The longest chapter in Leagues of Gothic Horror Expansion is ‘Things That Go
Bump in the Night’, so monsters. Or rather some forty or so ghosts, monsters, greater horrors, unique villains, and more. The ghosts are categorised as types, such as the strong motive of the Avenger, the hope-sucking Leech, or the forlorn Lost, but also include variants like the Clanker, effectively a weaker, noisier poltergeist, or an alternative, spirit-like version of the Wendigo. The monsters include classics likeAnimated Armour and the Hangman Tree as well as more specific beings like the raven-swarm Sluagh of Scottish and Irish folklore, which rip the souls from the near dead. Greater horrors take a step up in terms of power and evil with demons such as Baal who grants or curses invisibility and Focalor, a duke of Hell specialising in the sinking of battleships, and then unique villains tie back in to several of the supernatural sites detailed earlier in the book. For example, Black Annis, the crone who lurks in the wilds of the Dane Hills of Leicestershire and is known to have a predilection for the flesh of children, and then Doctor Henry Howard Holmes, the infamous serial killer of 1890s Chicago. Doubtless though, the Game Master will have fun with Igor, a scientist henchman who keeps working for scientists already on a dark path over and over… Similarly Doctor Who fans will take a certain pleasure from encountering the giant, two-hundred-and-fifty pound rat known as the Mudger, lurking in London’s extensive sewer system. In addition to ghosts and monsters, Leagues of Gothic Horror Expansion includes two cults—the Benevolent Society of Saint Elizabeth of Hungary and Cult of the Horned God—both suited for longer term play and both suitably gothic in their origins. Certainly, the Cult of the Horned God echoes the stories of Dennis Wheatley, but both feel inspired by Hammer Horror.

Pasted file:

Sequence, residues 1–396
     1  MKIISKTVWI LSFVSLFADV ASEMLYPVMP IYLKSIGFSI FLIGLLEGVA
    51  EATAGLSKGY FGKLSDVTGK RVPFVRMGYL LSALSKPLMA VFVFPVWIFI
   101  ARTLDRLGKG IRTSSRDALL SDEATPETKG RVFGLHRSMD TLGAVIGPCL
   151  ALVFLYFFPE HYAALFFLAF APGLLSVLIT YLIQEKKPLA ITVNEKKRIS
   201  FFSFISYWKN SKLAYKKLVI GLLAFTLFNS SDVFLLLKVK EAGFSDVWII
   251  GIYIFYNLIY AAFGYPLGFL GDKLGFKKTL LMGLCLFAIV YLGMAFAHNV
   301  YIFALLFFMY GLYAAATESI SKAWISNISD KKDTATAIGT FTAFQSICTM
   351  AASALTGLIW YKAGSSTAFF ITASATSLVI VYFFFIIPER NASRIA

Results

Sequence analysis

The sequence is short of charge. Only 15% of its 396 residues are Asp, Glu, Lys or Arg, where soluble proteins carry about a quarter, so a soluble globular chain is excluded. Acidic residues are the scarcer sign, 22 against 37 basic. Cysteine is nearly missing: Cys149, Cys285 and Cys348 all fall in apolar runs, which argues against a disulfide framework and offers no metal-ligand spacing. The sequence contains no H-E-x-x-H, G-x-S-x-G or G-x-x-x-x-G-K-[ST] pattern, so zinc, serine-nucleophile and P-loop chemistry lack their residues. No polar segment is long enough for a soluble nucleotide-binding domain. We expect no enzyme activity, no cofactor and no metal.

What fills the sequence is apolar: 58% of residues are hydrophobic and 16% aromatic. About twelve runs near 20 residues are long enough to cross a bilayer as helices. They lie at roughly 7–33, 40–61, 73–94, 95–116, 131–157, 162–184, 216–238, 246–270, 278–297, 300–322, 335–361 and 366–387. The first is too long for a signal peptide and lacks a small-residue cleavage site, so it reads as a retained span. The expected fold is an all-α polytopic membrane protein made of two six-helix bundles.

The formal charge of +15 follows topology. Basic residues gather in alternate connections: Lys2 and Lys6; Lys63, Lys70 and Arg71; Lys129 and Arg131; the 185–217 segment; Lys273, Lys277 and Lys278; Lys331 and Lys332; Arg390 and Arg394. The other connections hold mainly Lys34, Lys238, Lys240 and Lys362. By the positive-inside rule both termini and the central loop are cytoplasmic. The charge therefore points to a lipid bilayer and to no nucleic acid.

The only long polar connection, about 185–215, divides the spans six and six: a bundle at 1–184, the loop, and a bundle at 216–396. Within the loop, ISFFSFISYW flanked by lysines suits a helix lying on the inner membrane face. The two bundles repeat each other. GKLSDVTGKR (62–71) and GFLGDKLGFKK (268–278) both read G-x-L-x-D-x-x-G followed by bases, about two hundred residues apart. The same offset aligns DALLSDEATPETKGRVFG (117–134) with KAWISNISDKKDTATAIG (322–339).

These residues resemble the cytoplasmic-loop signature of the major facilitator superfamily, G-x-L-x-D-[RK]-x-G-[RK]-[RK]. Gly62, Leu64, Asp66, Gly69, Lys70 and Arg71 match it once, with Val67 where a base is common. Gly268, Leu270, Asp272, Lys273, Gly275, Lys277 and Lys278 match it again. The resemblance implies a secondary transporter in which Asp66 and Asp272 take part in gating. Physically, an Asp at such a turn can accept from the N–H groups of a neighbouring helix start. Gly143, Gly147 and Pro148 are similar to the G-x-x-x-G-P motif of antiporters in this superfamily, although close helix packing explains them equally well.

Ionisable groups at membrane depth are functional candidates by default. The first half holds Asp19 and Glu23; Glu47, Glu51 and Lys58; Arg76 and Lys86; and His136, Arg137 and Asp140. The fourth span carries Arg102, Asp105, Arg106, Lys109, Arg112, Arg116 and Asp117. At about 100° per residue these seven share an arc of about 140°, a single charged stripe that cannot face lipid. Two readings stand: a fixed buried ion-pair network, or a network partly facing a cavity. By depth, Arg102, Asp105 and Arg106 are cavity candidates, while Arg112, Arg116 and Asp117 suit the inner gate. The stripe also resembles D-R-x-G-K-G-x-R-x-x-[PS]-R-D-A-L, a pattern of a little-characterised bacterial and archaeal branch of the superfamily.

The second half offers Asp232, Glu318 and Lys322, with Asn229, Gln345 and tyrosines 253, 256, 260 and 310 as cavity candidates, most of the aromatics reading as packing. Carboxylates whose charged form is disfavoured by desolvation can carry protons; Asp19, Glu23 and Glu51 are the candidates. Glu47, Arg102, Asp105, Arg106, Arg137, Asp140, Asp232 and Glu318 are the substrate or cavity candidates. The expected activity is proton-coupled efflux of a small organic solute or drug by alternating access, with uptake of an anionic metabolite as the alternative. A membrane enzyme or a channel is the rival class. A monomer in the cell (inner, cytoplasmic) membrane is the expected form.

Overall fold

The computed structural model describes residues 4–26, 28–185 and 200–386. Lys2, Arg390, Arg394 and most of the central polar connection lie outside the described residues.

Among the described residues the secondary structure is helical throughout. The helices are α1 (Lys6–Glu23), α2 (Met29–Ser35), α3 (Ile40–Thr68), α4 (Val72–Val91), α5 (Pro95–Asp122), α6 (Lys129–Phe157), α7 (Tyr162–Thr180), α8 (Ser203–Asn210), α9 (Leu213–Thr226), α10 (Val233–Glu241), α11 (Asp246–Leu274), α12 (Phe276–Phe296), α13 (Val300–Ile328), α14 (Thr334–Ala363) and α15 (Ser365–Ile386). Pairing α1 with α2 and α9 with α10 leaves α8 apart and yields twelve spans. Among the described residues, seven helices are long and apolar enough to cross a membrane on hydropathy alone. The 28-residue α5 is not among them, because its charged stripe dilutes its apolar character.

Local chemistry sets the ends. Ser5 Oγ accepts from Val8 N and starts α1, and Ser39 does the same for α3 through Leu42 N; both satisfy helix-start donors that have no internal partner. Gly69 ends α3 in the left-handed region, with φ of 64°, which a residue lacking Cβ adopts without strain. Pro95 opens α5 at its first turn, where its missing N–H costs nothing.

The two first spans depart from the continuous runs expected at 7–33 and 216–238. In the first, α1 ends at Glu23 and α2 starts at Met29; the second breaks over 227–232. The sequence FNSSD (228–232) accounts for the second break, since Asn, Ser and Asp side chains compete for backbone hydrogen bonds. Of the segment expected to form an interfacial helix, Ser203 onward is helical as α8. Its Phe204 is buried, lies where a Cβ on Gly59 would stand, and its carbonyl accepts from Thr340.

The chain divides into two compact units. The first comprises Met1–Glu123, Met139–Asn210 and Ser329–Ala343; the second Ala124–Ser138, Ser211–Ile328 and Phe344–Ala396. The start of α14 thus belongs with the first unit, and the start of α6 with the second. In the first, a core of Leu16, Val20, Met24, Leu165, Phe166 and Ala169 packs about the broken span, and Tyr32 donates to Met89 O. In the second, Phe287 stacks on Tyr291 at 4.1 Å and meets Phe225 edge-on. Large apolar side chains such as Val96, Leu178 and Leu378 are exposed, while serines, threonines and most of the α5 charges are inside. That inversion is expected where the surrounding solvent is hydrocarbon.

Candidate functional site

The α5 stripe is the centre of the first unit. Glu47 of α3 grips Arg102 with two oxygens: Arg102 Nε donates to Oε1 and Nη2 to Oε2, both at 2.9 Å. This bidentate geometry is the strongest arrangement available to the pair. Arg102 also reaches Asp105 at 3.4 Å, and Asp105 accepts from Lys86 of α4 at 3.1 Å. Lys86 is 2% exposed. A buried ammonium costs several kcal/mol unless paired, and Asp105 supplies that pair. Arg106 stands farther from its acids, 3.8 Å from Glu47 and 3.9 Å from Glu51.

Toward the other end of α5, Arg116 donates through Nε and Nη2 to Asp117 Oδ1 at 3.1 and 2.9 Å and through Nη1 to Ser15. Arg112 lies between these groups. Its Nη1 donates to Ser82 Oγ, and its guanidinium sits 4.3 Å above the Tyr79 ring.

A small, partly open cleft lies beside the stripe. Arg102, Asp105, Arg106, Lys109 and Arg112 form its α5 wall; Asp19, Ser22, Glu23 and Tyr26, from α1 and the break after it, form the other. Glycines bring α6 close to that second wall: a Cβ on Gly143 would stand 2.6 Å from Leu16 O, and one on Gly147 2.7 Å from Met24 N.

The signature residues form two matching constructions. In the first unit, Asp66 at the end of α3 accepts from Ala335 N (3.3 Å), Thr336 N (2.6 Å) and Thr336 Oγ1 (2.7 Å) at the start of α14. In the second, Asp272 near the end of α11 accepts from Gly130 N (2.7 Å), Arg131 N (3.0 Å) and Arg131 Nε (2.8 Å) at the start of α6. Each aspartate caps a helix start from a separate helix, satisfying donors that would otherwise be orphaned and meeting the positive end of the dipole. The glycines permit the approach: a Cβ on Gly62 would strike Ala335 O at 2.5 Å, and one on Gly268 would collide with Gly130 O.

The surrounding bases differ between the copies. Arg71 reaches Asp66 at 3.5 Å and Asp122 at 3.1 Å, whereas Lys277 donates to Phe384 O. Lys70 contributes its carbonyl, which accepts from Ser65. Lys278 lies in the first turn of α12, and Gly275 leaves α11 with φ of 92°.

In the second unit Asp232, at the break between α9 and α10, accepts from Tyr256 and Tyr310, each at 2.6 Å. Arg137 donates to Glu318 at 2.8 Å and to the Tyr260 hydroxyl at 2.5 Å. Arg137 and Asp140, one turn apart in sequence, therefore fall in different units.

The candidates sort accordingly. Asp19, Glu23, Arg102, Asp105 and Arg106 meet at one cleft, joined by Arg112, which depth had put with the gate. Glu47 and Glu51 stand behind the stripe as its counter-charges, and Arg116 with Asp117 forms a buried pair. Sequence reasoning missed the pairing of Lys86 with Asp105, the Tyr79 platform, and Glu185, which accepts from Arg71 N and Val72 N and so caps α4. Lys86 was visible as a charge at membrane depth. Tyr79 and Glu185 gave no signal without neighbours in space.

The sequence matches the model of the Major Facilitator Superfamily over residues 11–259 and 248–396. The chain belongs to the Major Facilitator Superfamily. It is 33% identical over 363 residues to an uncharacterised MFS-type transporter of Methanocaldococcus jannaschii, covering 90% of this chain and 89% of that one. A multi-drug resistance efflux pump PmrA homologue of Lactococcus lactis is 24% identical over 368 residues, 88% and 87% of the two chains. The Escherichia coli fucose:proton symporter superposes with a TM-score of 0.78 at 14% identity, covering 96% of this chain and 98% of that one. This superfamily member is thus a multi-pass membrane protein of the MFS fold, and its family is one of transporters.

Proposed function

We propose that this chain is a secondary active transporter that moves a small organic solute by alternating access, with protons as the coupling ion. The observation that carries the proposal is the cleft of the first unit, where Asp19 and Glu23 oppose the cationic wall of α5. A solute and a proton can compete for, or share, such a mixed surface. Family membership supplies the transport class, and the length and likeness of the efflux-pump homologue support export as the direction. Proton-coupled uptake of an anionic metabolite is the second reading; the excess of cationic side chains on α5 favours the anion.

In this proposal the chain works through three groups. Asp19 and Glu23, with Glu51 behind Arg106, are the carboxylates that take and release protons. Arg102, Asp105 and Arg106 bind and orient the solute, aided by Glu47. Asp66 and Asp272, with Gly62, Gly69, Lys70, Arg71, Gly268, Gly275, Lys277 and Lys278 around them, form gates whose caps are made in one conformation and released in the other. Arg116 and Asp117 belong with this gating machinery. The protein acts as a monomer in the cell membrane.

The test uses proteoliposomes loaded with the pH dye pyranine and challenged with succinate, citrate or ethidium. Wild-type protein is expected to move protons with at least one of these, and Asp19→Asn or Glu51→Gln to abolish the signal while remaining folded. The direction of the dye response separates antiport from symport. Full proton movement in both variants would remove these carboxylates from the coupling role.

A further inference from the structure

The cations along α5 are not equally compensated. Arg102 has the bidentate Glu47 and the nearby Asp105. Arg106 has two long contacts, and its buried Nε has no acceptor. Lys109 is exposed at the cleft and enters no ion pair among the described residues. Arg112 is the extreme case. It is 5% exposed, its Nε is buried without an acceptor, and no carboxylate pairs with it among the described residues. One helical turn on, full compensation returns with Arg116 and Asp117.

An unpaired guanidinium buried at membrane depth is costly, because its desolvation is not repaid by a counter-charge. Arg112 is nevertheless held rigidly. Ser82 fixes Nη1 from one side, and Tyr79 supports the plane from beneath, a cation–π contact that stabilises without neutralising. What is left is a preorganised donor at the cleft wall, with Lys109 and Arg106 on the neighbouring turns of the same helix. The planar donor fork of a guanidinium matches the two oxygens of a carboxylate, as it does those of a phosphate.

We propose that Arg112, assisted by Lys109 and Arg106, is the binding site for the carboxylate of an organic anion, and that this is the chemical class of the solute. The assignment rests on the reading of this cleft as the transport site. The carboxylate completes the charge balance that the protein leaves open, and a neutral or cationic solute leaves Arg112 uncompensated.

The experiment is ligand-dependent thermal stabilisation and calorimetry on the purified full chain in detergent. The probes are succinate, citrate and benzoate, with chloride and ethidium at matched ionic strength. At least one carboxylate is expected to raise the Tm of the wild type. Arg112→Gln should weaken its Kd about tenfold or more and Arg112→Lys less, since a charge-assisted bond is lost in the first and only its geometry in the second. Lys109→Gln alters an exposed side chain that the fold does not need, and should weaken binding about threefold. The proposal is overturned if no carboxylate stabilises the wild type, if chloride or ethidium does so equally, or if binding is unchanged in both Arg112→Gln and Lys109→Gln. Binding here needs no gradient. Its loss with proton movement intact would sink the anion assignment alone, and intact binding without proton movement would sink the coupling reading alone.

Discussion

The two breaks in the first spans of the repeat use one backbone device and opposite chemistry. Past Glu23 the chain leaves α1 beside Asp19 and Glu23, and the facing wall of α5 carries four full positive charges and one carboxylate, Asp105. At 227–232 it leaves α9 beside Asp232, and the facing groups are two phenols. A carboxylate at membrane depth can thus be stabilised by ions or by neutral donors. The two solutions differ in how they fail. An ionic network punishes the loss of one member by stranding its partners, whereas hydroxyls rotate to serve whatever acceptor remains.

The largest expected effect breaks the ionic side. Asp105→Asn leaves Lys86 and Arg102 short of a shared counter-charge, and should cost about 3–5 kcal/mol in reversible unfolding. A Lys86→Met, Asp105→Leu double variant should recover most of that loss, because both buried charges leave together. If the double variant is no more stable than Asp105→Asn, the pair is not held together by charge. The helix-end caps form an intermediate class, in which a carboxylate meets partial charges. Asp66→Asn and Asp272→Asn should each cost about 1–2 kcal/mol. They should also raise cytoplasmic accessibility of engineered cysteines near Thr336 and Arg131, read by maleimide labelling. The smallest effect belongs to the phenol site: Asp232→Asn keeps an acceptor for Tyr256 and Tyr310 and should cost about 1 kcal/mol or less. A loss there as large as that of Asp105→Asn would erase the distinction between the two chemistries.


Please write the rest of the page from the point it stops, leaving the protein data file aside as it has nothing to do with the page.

Lastly, Leagues of Gothic Horror Expansion includes heroes both ordinary and unique. The latter includes Andrei the Bear, a Gypsy monster hunter, and Penny Dreadful, a masked avenger who hunts werewolves and vampires. Plus there is a whole of ordinary NPCs, including Gypsy Horse Dealer,  Gypsy Storyteller, and Reformed Szgany to tie back into the ‘Gypsies & Szgany’ chapter, and several sample, ready-to-play player characters, such as the Cursed Clergyman, Folklorist, Fortune Teller, Scarred Survivor, Stage Magician, and Werewolf Hunter.

Physically, Leagues of Gothic Horror Expansion is surprisingly all text—there are no illustrations. That aside, it is neatly laid out, the writing is good, and despite the lack of index, the contents are relatively easy to reference.

At its most basic, Leagues of Gothic Horror Expansion expands on the dearth of supernatural locations detailed in Leagues of Gothic Horror. Indeed, fifty or so adds a great number of them, but that is only a quarter of the book! Plus you do get a scenario hook with every location. In fact, half of Leagues of Gothic Horror Expansion is dedicated to new monsters and ghosts, NPCs and cults, plus new player character types. Which is exactly what a roleplaying game of gothic horror really needs and that is in addition to new character options and a nicely done treatment of the Gypsies! All together, Leagues of Gothic Horror Expansion is useful companion to Leagues of Gothic Horror, but the new supernatural locations make it an essential supplement.